GOP Lawmakers Representing Appalachian Districts Split By Conspiracies
The insurrection at the US Capitol is driving a wedge in the Republican Party -- between those who are shying away from former Pres. Donald Trump and those who continue to support his false claims of fraud in last year’s election.
A few Republican lawmakers who represent Appalachian states are entrenched in that reckoning.
Western North Carolina Congressman Madison Cawthorn’s speech at the “Save America” rally on Jan. 6 was denounced by members of both parties.
“Our Constitution was violated,” he shouted into a microphone. His words echoed across the lawn just South of the White House.
He raised his voice like a riled up football coach giving a locker room pep-talk before the big game. Cawthorn spoke about a new Republican party on the rise, and he encouraged his audience to fight to overturn the election results.
Hours later, a violent, pro-Trump mob attacked the US Capitol.
While Cawthorn may represent an Appalachian district, it’s important to note that rioters who stormed the Capitol traveled from all parts of the country. A Daily Yonder analysis of the nearly 180 arrestees came from urban, suburban and rural counties at about the same rate as the overall population.
“I think it’s egregious for elected officials to speak in this manner,” Olivia Troye, co-director of the Republican Accountability Project, told BPR News. The GOP-led group is calling for 12 Republican lawmakers to resign for promoting falsehoods about the election. Cawthorn is one of them.
“It’s common sense that you’re just adding fuel to the fire saying things like ‘we’re going to fight, and we’re going to battle it out.’ People are listening,” Troye said. “You may just think you’re using it in the moment, but no. You’ve known there have been threats on election officials -- words matter.”
Troye is also a career intelligence officer. She previously served as a homeland security advisor to former Vice President Mike Pence.
“It’s a very dark time for the party at this time. It’s time for Republicans to decide, are we a party of conservatism, and where we try to work across the aisle with Democrats?” Troye asked. “Or do we want to be a party of racism and hate and that elects QAnon espousing supporters into Congress?”
QAnon supporters, like newly-elected Congresswoman Marjorie Taylor Greene, whose district covers Northern Georgia. She’s promoted QAnon’s false conspiracies, including that top Democrats are involved in child sex trafficking and Satan worship.
On Monday, another Republican from another Appalachian state, Sen. Minority Leader Mitch McConnell, called Greene’s “loony lies and conspiracy theories” a “cancer” to the GOP.
North Carolina Sen. Thom Tillis echoed McConnell’s sentiment on Wednesday in a Tweet aimed at Greene. He said supporting QAnon conspiracies “isn’t conservative, it’s insane.”
It's beyond reprehensible for any elected official, especially a member of Congress, to parrot violent QAnon rhetoric and promote deranged conspiracies like the Pentagon wasn't really hit by a plane on 9/11. It’s not conservative, it’s insane.— Senator Thom Tillis (@SenThomTillis) February 3, 2021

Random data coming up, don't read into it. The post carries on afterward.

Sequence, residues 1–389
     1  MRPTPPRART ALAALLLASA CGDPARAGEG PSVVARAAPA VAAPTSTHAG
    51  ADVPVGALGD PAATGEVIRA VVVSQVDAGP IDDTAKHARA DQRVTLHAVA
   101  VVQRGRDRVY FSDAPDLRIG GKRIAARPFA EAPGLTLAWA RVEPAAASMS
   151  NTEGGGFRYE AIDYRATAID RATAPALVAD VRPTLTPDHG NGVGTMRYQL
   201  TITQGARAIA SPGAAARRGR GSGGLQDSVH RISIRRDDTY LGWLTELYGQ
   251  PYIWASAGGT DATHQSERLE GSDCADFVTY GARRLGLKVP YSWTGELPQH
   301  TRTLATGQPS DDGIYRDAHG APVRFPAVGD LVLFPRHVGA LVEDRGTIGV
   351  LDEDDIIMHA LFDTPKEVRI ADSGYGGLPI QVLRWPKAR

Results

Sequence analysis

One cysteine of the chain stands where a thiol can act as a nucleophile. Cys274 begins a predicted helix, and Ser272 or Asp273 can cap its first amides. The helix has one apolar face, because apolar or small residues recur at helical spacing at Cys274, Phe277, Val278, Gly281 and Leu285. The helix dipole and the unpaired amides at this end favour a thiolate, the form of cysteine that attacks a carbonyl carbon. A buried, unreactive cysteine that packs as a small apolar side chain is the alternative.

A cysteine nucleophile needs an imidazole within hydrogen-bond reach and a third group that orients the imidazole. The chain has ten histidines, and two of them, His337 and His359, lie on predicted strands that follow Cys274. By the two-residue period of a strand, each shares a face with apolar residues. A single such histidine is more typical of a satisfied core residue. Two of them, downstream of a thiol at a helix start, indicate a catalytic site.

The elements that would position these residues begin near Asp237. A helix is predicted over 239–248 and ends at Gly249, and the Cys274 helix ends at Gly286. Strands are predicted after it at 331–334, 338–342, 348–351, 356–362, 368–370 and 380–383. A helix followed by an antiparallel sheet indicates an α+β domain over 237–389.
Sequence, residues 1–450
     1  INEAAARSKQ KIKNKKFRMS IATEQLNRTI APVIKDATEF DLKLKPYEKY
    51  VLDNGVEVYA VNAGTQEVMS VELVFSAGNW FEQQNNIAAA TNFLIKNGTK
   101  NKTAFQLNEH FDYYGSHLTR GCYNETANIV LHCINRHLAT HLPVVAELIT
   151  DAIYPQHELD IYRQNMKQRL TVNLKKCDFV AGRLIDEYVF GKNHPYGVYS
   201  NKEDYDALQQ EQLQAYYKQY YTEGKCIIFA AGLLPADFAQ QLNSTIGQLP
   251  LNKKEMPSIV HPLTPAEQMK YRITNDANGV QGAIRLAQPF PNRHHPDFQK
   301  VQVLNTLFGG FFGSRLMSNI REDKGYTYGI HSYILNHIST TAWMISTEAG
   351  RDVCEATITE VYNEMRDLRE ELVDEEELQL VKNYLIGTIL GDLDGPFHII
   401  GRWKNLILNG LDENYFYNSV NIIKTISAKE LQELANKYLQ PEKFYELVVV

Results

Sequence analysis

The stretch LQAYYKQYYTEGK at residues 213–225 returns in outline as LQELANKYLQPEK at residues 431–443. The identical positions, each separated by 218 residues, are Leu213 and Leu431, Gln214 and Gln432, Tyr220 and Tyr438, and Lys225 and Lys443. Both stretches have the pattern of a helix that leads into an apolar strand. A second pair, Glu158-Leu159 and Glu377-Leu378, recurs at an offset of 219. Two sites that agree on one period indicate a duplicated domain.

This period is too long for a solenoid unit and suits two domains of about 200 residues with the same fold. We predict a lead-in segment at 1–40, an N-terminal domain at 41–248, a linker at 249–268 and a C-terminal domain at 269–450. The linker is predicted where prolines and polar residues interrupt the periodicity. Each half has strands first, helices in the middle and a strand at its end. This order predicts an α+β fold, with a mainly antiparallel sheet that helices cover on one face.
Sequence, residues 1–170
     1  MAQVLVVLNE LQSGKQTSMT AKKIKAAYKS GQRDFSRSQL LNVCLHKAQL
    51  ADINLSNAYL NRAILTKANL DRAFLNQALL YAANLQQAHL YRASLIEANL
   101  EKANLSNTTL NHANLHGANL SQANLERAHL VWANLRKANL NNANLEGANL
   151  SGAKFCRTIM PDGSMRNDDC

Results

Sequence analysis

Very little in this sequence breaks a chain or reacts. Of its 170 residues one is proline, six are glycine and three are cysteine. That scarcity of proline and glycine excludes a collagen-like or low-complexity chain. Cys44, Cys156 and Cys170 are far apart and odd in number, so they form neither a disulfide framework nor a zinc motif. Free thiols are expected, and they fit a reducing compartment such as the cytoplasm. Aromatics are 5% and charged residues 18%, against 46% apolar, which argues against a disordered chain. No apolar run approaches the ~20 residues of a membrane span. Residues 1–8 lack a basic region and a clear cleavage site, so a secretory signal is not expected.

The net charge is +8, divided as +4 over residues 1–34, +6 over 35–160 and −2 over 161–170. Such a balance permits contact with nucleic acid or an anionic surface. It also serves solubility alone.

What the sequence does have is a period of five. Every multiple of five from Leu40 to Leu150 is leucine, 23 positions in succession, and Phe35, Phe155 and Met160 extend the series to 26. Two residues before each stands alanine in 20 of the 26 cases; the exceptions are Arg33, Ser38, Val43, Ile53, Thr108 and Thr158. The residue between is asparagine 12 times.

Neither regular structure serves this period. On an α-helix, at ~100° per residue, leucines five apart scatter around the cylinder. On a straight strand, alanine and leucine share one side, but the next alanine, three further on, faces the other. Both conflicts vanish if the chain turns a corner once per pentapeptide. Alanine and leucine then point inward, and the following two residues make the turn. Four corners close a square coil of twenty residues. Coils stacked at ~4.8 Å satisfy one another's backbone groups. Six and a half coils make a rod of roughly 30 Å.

“Well, they're still trying to sort things out, and they're on the brink of a civil war amongst themselves,” said Al Cross, veteran political reporter and director of the Institute for Rural Journalism and Community issues. Cross has spent more than four decades covering Kentucky politics, including Sen. McConnell. Cross says this is a moment of reckoning for the GOP, as McConnell has always tried to keep his caucus together.
“He clearly wants to evict Trump from the Republican party, but now that may have the effect of creating a Trump party,” Cross said.
Cross adds a major reason for the growing crack in the GOP is Americans no longer rely on the same set of facts to inform their politics, particularly in Appalachia, where local newspapers are diminishing.
The rise of social media has lured people across the country and socioeconomic strata deeper into their respective echo chambers, where falsehoods and conspiracies go unchecked and are often packaged like reliable information. A recent Pew study found that Americans who get their news primarily through social media are more likely than most other groups to have heard of certain conspiracy theories.
“You have a lot of people in this country, particularly in rural areas, who feel like they have been forgotten and disrespected and left behind, and the message [Trump] sent them through several different channels was, ‘I won’t forget you,’” Cross said.
Part of that was a racist appeal. Trump did well in 2016 primaries in areas that were experiencing a recent influx of immigration, like Henderson County, where Congressman Cawthorn is from.
But even key Republicans in the 11th District who initially supported Cawthorn are troubled by his rhetoric. Former Henderson County Sheriff George Erwin Jr. was going to be district director for the newly-elected congressman. But following the insurrection, Erwin told BPR that Cawthorn no longer had his support.
The youngest member of Congress does admit that political speech needs to be softened. Though, when asked at his DC office two weeks ago, Cawthorn did not give specifics to BPR as to why or how.
“If we have a more discerning, and a more informed crowd who's electing us, then I think we're going to have to have more intelligent conversations, more intellectual and cerebral speeches, rather than kind of giving the raw, ‘let's go out, let's do this,” where everybody cheers and it gets everybody's adrenaline up,’” Cawthorn said.
Amid the calls for his resignation, Cawthorn says he has no regrets about the comments he made just steps away from the Capitol.